While the sauce is simmering, heat the remaining 1 ½ tablespoons oil in a very large (12-inch) skillet over medium-high. Add the mushrooms and cook, stirring nearly constantly, for a couple of minutes, until they begin to brown. Add about three-quarters of the onion (reserve the rest for garnish) and continue cooking, stirring frequently, for another minute or two, until the onion looks translucent. Add the spinach and optional chicken or ham and cook, stirring constantly, for a minute or so, until the spinach is wilted. Season with salt, usually a scant teaspoon. Cover to keep warm.

Lay out the tortillas on a baking sheet and spray or brush lightly on both sides with oil or bacon drippings, then stack them in twos. Slide the tortillas into the oven and bake just long enough to make them soft and pliable, about 3 minutes. Remove from the oven and stack them in a single pile; cover with a kitchen towel to keep warm. (This step is necessary. If you skip it, and try filling the tortillas without baking or frying them, they will fall apart when you start to roll them up.)
Stir the cream (or its stand-in) into the sauce. Taste and season with salt, usually about 1 teaspoon (add the sugar if the sauce seems quite tart to you). Holding a tortilla by one edge, dip most of it into the sauce, then lay it on a plate. Spoon a heaping 2 tablespoons filling down the center, roll up and lay seam side down in a dinner plate. Repeat with 2 more tortillas, arranging them on the same dinner plate. Douse the enchiladas with about ¼ cup of the warm sauce, sprinkle with a quarter of the crumbled cheese and garnish with some of the reserved onion and cilantro sprigs.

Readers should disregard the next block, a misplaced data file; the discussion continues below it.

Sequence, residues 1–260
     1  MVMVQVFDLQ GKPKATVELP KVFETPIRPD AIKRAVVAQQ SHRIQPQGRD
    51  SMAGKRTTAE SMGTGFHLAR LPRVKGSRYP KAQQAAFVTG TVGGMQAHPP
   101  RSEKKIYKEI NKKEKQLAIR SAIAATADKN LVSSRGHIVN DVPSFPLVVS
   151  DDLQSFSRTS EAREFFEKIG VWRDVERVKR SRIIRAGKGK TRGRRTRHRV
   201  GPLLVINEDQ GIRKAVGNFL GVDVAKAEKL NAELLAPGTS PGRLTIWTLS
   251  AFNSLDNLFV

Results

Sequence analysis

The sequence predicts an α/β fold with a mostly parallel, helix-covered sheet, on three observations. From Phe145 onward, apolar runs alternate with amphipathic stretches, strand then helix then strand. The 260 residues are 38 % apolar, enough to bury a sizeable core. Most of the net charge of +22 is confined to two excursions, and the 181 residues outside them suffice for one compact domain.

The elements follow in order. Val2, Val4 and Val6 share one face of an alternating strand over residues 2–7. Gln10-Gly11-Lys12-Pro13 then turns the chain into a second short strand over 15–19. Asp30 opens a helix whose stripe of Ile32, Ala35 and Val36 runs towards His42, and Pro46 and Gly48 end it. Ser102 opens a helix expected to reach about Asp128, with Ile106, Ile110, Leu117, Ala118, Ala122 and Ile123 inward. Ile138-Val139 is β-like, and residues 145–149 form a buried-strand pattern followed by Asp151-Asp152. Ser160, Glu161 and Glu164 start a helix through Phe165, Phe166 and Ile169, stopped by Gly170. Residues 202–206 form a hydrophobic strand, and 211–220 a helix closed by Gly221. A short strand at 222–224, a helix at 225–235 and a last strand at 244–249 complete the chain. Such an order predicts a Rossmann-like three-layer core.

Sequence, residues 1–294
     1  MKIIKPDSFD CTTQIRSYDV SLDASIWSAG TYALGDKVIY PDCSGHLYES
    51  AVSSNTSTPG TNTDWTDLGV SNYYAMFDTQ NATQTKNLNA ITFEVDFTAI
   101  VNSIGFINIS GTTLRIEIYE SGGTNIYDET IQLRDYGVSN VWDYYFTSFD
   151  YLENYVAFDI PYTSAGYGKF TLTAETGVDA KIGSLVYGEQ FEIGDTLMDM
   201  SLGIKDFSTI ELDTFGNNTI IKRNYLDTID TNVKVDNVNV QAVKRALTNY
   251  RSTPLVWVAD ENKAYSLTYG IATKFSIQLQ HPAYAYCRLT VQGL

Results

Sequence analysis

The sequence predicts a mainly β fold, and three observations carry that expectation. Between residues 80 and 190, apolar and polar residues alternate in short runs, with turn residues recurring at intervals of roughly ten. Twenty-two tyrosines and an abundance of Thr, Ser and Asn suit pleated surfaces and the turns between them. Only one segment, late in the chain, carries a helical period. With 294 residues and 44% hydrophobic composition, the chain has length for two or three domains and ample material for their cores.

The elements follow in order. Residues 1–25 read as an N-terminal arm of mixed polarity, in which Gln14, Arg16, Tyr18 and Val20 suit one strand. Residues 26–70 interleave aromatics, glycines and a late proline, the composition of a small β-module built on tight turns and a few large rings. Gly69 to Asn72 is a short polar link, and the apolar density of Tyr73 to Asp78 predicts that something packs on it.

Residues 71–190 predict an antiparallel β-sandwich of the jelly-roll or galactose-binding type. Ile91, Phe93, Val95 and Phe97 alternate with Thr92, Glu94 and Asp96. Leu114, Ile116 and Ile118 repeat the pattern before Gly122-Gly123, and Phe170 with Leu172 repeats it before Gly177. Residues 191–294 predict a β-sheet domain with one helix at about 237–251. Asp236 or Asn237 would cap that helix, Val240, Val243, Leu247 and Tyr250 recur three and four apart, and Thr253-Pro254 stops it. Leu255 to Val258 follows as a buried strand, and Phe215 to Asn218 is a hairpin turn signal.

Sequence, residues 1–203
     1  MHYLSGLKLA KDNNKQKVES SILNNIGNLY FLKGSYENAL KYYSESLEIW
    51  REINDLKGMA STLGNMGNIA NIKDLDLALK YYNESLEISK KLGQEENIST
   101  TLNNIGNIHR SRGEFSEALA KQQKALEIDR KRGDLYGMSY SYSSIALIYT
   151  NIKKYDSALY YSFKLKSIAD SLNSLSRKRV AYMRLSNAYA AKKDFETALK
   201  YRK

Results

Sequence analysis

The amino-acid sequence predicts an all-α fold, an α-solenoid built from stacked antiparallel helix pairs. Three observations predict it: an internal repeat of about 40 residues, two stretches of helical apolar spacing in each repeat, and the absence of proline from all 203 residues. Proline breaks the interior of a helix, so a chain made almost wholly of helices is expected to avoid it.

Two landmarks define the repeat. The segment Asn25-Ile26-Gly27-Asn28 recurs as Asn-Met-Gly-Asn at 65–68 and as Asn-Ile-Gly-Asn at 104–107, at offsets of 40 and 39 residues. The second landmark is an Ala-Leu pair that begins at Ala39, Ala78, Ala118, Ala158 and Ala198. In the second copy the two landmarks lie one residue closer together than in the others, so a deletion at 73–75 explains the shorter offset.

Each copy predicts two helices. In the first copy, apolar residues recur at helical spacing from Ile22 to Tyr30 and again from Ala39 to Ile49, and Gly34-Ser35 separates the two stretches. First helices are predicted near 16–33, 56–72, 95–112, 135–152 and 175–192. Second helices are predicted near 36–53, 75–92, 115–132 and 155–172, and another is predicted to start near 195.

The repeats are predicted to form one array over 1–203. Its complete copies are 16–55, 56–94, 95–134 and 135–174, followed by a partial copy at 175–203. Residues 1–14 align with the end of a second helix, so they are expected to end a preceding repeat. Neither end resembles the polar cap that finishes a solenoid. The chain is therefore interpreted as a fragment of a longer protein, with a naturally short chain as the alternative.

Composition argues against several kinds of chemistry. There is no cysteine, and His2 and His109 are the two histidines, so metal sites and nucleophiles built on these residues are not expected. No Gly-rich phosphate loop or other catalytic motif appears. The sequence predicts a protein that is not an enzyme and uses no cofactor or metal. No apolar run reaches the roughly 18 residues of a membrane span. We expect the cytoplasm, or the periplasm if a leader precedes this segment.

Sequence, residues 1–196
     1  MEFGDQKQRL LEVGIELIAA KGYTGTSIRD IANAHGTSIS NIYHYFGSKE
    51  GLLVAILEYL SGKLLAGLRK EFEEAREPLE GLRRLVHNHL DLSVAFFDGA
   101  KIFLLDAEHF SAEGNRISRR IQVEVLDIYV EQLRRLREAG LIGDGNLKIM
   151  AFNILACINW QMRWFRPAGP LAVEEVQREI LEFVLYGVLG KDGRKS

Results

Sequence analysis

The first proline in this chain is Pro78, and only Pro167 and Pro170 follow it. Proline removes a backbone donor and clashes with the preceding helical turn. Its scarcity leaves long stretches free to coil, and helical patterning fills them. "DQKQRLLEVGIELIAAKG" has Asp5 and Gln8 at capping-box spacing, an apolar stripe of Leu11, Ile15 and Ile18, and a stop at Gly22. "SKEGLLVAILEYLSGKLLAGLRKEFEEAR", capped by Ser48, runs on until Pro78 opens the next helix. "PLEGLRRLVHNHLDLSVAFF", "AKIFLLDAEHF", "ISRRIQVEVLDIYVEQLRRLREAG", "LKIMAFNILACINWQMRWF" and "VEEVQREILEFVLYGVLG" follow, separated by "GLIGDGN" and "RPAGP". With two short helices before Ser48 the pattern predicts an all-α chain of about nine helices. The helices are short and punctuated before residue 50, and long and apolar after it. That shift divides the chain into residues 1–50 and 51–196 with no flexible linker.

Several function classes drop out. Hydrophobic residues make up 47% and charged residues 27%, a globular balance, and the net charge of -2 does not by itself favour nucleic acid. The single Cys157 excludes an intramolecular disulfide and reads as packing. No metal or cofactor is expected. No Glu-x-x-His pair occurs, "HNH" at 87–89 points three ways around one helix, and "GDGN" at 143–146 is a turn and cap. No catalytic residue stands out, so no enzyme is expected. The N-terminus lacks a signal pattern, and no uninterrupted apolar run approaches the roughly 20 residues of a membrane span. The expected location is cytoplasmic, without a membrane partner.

Assemble the rest of the servings, and carry to the table without hesitation.
The day after Cinco de Mayo we decided to head down to the Civic Center to check out the scene and eat some food. (The temperature had also dropped about 20 degrees, so it was a much better day for walking around.) The park was seemingly less crowded than it had been the day before, but there were still lots of people, great food stalls and live music...and a lot of Tecate. My favorite snack of the day were the elotes, ears of corn smothered in mayonnaise, chili powder and cotija cheese. Mmm, yum. 
We topped things off with a funnel cake, which is decidedly un-Mexican, but very much a part of fair/street food. Deep fried batter sprinkled with powdered sugar?! Yes, please!